Morality Play, shortlisted for the Booker Prize in 1995, is a murder mystery set in 14th century England about a travelling troupe of players that put on Bible plays. It was adapted as a film, The Reckoning (2003), starring Paul Bettany and Willem Dafoe.
Sacred Hunger (1992) centres on the Atlantic slave trade that moves from Liverpool to West Africa, Florida and the West Indies. It was joint winner of the Booker Prize for Fiction in 1992, along with Michael Ondaatje's The English Patient. It is generally considered his masterpiece. The story is set in the mid-18th century and centres around the Liverpool Merchant, a slave ship employed in the triangular trade, a central trade route in the Atlantic slave trade. The two main characters are cousins Erasmus Kemp, son of a wealthy merchant from Lancashire, and Matthew Paris, a physician and scientist who goes on the voyage. The novel's central theme is greed, with the subject of slavery being a primary medium for exploring how selfish desire for profit can result in evil and barbarism. The "sacred hunger" of the title refers to the profit motive. The story line has a very extensive cast of characters, some featuring in only one scene, others continually developed throughout the story, but most described in intricate detail. The narrative interweaves elements of appalling cruelty and horror with extended comedic interludes, and employs frequent period expressions. A sequel, The Quality of Mercy, was published in 2011, it was his last book.
Sugar and Rum (1988) was a novel set in contemporary Liverpool about a writer who is trying to write a novel about the Liverpool slave trade, and who is suffering from writer's block; Unsworth wrote this novel to try to get over his own block during the writing of Sacred Hunger.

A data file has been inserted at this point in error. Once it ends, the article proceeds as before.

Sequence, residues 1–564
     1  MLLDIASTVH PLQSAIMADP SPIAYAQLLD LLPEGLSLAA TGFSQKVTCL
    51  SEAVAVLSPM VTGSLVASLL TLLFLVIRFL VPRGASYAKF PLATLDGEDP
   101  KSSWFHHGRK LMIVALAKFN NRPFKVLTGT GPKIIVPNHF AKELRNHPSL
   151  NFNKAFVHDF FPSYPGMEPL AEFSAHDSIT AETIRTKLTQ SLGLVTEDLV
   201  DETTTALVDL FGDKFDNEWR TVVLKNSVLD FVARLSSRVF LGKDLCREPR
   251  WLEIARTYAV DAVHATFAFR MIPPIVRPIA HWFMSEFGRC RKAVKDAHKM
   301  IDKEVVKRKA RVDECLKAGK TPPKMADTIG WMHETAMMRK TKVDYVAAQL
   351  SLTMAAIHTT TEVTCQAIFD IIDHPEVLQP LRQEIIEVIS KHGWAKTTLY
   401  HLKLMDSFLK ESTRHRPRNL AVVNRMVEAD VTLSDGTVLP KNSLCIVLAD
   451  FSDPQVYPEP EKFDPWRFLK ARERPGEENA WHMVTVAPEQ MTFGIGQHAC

Unsworth's style is not heaped in historical minutiae, "I don't really care how many buttons someone had on his waistcoat. It would be good to get it right, but what really matters is trying to get hold of the spirit of the age, what it was like to be alive in that age, what it felt like to be…an ordinary person in the margins of history."
On writing and growing old, Unsworth said, "With time I have grown more sparing with the words. I think less of fire-works and flourishes. I try to get warmth and colour through precision of language. This is more difficult, I think, which may be why I find writing novels so challenging and exacting."
Some critics have attacked historical fiction as being un-literary, for example James Wood writing in The New Yorker called it a "somewhat gimcrack genre not exactly jammed with greatness." However Unsworth defended the form, saying "The term historical fiction is a blunt instrument in literary criticism. When people ask, 'Is it a good historical novel?' they may as well ask, 'Is it a good Protestant novel?' or 'Is it a good transvestite novel?' I write stories that are set in the past. Fiction set in the past should be judged by the same criteria as any other fiction. Does the novel convey a sense of life, touch the reader's mind and heart? Does it belong to what D.H. Lawrence called the one bright book of life?"